This week, I noticed a GREAT new resource for anyone with veteran ancestors who served in the US Navy - "Registers of Patients at Naval Hospitals from 1812-1934". My husband is the one in our household with family members who served in the US Navy (he's doing his job to keep that tradition alive!). Since our surname - Melvey - is very uncommon, I always start there when searching a new database. Never know what you might discover!
A while back, I wrote a Memorial Day post about Ernest Melvey, my husband's paternal great-uncle. While not a direct ancestor (I usually focus my research on directs only), we were both captivated by his story of survival from WWI. According to a news article published in the Aberdeen American in South Dakota (1 January 1919), Melvey's ship - the USS Westover - was blown out of the water en route to Europe by a German submarine. Eleven of the ninety-three crew members were killed. The remaining crew managed to swim their way to three freed rescue boats, including the captain, who brilliantly tossed his officer's coat for a seaman's uniform. When a group of Germans approached the rescue boats "demanding surrender of the captain", the crew "told the [Germans] he had been killed when the torpedo struck" (Aberdeen American, 1 January 1919).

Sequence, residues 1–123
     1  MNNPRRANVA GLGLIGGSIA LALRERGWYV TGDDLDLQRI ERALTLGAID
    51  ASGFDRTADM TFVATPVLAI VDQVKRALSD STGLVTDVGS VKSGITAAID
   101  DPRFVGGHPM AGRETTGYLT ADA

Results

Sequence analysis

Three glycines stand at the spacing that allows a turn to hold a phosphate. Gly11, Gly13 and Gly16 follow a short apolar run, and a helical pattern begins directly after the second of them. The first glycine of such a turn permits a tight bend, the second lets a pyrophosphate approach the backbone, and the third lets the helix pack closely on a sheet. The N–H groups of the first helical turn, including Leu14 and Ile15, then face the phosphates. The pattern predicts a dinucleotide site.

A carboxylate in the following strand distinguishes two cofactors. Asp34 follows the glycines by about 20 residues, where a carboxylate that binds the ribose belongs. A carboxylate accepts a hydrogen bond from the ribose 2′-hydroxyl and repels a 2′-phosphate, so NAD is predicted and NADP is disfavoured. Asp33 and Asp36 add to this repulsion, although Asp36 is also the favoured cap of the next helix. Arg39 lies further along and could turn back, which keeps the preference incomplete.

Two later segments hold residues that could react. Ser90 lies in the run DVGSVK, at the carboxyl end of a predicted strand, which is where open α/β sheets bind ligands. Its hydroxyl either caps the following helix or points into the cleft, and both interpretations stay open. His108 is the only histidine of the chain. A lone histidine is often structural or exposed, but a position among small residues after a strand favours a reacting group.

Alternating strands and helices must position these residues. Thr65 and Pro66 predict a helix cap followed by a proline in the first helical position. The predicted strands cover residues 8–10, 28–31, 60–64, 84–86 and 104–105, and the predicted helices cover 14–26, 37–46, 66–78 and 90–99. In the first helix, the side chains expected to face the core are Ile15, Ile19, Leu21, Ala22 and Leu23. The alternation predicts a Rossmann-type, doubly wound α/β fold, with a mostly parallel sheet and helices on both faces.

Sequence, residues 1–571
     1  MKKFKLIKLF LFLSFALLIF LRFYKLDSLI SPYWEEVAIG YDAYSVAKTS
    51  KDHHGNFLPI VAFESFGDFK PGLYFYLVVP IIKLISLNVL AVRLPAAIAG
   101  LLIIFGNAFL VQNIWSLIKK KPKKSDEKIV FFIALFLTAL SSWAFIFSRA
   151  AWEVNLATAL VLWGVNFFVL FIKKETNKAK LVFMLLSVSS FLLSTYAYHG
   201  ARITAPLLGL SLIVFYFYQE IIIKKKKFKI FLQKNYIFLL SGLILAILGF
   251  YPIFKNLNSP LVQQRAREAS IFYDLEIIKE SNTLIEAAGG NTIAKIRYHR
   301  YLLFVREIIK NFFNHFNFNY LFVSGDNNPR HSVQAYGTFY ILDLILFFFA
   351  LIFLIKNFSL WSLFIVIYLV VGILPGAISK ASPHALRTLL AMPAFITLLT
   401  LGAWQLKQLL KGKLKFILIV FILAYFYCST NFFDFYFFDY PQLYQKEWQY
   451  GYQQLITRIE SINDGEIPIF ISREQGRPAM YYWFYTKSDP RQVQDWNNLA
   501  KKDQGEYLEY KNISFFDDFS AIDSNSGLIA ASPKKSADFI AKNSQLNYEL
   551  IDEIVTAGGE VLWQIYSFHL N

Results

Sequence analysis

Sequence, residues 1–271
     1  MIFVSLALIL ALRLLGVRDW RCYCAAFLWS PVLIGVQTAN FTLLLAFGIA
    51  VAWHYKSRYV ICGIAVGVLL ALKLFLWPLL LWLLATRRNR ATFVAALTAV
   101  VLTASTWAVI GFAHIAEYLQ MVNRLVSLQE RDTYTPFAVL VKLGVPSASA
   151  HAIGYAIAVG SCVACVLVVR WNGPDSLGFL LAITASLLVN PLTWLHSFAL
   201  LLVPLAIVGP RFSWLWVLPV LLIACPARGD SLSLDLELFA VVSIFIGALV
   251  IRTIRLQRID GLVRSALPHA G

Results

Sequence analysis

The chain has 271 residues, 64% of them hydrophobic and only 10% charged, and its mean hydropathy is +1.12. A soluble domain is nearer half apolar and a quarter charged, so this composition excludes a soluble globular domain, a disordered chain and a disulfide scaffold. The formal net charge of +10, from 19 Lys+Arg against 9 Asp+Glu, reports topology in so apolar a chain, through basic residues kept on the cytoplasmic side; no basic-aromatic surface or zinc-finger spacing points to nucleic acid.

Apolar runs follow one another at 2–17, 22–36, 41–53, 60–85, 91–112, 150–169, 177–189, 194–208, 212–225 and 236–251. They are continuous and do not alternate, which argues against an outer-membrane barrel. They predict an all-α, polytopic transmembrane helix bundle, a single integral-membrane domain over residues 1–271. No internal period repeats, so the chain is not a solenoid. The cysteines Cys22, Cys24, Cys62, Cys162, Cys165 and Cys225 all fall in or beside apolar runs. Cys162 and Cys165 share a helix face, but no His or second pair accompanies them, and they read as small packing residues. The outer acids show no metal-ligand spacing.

After four days of floating in open water, the survivors were rescued by a French fisherman and brought to Brest, France. Ernest Melvey sustained a hip injury in the accident and spent some time in the Naval Hospital 5 in Brest. Using the new database on Ancestry.com, I located his entry in the hospital register:
|9 October 1818|
|22 November 1918|
|30 November 1918|
Very thankful for these digital resources that enable us to add a little color to our research!